• Edition description: 1
  • Edition number: 1
  • Pages: 472
  • Product dimensions: 6.47 (w) x 9.50 (h) x 1.29 (d)

Meet the Author

William E. Nelson is Edward Weinfeld Professor of Law at New York University School of Law.

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Table of Contents

Introduction 1
Pt. I Conservatives and Reformers
Ch. 1 1922 13
Ch. 2 The Conservative Agenda: Protecting Property and Preserving Morality 27
Ch. 3 The Reform Agenda: Preventing Exploitation and Providing Opportunity 63
Ch. 4 Conservatives versus Reformers: The Ongoing Juridical Conflict 93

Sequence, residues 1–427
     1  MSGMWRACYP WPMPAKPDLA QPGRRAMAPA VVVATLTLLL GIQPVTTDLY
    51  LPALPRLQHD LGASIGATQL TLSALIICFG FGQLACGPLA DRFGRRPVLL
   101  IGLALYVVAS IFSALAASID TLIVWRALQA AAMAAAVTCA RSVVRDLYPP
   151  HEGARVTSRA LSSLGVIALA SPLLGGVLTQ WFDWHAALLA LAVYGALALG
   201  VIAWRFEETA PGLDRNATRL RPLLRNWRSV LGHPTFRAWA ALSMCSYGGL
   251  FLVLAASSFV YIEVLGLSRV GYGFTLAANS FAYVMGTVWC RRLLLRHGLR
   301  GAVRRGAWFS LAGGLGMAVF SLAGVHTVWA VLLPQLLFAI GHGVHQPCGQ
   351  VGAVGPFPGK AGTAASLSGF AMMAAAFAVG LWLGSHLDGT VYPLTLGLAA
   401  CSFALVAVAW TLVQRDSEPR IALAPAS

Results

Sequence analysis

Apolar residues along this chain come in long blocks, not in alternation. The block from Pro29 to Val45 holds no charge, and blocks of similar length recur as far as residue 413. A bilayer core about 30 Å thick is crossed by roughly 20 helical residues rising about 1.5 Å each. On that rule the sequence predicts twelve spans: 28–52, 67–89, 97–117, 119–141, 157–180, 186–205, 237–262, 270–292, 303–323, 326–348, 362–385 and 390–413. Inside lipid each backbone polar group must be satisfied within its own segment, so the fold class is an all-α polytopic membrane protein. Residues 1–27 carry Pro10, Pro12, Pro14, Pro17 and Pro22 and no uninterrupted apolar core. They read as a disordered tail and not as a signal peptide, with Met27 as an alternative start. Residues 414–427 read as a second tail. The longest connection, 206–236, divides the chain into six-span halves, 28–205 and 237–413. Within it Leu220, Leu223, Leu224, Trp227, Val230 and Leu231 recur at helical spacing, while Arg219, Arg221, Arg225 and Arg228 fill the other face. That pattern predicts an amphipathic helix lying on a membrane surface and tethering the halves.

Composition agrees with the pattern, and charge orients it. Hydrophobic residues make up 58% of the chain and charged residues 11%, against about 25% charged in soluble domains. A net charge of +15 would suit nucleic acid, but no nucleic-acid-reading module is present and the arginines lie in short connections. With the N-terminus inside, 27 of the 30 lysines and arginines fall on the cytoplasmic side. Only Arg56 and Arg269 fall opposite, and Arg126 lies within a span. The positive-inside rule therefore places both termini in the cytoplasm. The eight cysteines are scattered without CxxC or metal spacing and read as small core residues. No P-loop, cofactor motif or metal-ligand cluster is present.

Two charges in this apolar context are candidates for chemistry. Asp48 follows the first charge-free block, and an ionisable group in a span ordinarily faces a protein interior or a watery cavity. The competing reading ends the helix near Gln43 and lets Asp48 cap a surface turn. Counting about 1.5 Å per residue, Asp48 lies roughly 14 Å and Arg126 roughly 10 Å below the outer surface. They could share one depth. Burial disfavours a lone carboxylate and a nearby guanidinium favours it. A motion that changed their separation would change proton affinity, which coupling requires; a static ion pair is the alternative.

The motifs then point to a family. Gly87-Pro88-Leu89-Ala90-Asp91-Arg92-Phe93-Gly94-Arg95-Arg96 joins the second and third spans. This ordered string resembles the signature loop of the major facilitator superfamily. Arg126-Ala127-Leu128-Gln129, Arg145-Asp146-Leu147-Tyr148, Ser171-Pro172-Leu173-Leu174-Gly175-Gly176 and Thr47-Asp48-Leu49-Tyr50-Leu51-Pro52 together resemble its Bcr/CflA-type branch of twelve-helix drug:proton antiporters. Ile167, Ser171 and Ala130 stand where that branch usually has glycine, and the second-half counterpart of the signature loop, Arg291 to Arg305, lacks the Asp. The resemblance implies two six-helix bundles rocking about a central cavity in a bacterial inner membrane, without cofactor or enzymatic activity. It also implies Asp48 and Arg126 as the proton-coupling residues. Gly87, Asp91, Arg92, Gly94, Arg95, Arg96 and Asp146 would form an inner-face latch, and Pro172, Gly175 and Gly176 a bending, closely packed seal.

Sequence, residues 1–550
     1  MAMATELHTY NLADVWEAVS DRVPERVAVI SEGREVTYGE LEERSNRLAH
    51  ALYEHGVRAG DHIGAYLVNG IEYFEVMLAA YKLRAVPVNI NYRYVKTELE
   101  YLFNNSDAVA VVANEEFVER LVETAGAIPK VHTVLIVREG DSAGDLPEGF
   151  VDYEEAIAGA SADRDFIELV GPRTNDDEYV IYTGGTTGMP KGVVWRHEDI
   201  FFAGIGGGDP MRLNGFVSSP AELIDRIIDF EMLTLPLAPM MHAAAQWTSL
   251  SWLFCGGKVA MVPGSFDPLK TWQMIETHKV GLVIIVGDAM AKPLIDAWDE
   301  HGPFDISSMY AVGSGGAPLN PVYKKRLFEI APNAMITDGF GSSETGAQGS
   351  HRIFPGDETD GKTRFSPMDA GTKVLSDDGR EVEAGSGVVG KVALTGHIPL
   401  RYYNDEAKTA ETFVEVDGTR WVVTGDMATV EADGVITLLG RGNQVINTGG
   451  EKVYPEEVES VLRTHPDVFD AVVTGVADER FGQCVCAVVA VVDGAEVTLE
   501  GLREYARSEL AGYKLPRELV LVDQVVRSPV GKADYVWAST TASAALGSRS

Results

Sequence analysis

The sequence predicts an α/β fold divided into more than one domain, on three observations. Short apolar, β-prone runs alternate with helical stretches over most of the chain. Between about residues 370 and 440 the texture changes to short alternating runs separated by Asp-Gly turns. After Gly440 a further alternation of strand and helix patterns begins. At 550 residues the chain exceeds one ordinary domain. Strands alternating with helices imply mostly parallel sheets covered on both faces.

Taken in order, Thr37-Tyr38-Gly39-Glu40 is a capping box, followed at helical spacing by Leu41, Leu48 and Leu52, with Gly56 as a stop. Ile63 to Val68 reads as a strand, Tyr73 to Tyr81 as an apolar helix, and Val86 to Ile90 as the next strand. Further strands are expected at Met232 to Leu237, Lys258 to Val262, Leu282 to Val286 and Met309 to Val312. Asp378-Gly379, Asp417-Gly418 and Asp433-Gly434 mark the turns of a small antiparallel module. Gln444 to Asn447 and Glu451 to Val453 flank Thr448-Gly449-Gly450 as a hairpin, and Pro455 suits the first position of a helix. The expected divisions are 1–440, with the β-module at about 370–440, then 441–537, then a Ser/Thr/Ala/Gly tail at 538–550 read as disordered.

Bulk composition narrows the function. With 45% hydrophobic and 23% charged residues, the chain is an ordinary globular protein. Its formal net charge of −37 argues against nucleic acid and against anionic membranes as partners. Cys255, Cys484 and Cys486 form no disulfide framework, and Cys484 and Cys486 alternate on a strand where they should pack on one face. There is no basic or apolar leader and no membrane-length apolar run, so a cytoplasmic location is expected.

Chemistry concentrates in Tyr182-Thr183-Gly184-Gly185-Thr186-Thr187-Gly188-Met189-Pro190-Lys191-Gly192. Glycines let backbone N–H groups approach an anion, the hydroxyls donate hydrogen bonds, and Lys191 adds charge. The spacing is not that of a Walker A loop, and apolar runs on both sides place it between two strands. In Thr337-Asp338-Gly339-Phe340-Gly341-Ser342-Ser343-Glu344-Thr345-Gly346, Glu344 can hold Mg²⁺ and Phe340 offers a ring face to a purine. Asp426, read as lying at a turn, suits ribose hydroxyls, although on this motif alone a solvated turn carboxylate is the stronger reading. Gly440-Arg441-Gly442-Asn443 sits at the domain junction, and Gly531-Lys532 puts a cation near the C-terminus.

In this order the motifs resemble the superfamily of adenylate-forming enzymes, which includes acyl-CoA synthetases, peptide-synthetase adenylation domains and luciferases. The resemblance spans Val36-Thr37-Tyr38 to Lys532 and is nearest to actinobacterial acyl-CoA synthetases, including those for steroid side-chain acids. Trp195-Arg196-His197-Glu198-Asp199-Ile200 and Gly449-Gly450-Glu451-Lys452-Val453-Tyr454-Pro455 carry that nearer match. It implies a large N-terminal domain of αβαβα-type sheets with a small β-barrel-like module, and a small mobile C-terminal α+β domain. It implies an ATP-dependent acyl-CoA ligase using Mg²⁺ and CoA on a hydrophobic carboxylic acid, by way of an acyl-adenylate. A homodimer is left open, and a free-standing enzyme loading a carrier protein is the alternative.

Pt. II The Legalist Reformation
Ch. 5 1938 119
Ch. 6 Gradual Assimilation as a Constitutional Mechanism for Ending Inequality 148
Ch. 7 Gradual Assimilation as an Economic Mechanism for Ending Inequality 168
Ch. 8 The Prevention of Injury 184
Ch. 9 Liberty and Sexuality 200
Ch. 10 Liberty and the Family 222
Ch. 11 The Growth of Distrust 240
Pt. III The Endurance of Legalism and the End of Reform
Ch. 12 1968 271
Ch. 13 Gender Equity 291
Ch. 14 Equality for Underdogs: Race, Religion, Sexuality, and Poverty 310
Ch. 15 Bureaucracy 327
Ch. 16 Enterprise and Efficiency 353
Epilogue: A Golden Anniversary 369
Notes 375
Acknowledgments 443
Index 447